To actually want to be able to choose 'something' for them

(49 Posts)
FlutterShyPinkiePie Tue 10-Sep-13 21:03:33

I have just spent the last 30 minutes carefully choosing from a wedding gift list for my friends.

The list was only of things for the honeymoon eg trips, meals etc

I was about to make the payment and realised that the whole list is actually meaningless, the cash can be given on the day or is just transferred to their account, to spend on whatever they like. I would not actually be choosing and buying them 'anything' and its all a bit of a farce!

I do appreciate that money is probably all they want but it feels like a bit of a sneaky way to do it. I have no problem giving cash if requested but don't make me stare at a list of nice things that I'm not actually buying!

AIBU to think that if I take the time to choose something off a wedding list then that is what the couple should actually get!!

GreyWhites Wed 11-Sep-13 23:13:06

I actually think in this situation that giving cash is a bit weird. But its your choice.

AngusAndElspethsThistleWhistle Wed 11-Sep-13 15:25:42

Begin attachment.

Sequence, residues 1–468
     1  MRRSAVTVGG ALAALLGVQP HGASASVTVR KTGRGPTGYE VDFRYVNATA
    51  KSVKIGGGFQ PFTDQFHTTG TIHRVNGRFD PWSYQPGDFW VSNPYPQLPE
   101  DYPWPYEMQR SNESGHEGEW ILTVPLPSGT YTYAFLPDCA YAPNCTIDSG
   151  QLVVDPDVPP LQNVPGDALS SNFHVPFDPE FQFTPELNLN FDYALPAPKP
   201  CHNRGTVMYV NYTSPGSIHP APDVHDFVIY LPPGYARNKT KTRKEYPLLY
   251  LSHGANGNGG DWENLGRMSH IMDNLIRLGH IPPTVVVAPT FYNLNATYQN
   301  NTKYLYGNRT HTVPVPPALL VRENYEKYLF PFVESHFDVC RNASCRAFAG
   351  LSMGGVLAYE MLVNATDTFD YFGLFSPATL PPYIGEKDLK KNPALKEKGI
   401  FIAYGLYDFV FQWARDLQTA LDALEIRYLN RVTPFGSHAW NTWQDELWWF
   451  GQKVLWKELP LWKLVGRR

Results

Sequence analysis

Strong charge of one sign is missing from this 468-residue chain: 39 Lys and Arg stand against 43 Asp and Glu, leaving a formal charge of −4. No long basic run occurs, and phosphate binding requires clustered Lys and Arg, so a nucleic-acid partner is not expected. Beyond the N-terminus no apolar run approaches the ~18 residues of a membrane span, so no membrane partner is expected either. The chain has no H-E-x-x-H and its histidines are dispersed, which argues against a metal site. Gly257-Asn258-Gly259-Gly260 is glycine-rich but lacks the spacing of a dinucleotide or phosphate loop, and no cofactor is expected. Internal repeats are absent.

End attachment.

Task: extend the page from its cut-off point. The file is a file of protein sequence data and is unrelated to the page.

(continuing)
Message withdrawn at poster's request.

MrsKwazii Wed 11-Sep-13 15:16:05

Speaking as a woman with a big box of crystal and china languishing in the loft that I will never use, I think specific gift lists are a Godsend. I'd always rather buy people a gift they want or need rather than land them with something I liked but that is miles away from anything they would ever choose for themselves. It's such a waste of people's time and money buying a gift that will only ever gather dust.

MummyBeerest Wed 11-Sep-13 15:04:36

Cory I would hope that any gift a bride or groom received would be with gratitude, monetary value irrelevant. We didn't have a gift registry, didn't ask for cash either. We got all kinds of gifts and still were grateful.

I just hate gift registries. Buy your own duvet!

Honeymoon ones actually seem fine to me because wedding budgets take up enough planning, it'd be nice to give the couple something fun.

VivClicquot Wed 11-Sep-13 10:05:18

YABU. We did this for our wedding and honeymoon.

We had loads of positive comments from friends and family that they felt like they were buying us something meaningful, rather than just giving us cash (or buying us another cutlery set), and we also made sure that we did everything on the list.

When we sent thankyou cards on our return, we included a photograph of us doing whatever it was that person had paid for. I genuinely don't see how it is any different from setting up a list in John Lewis and asking for teapots, photo frames or wine glasses.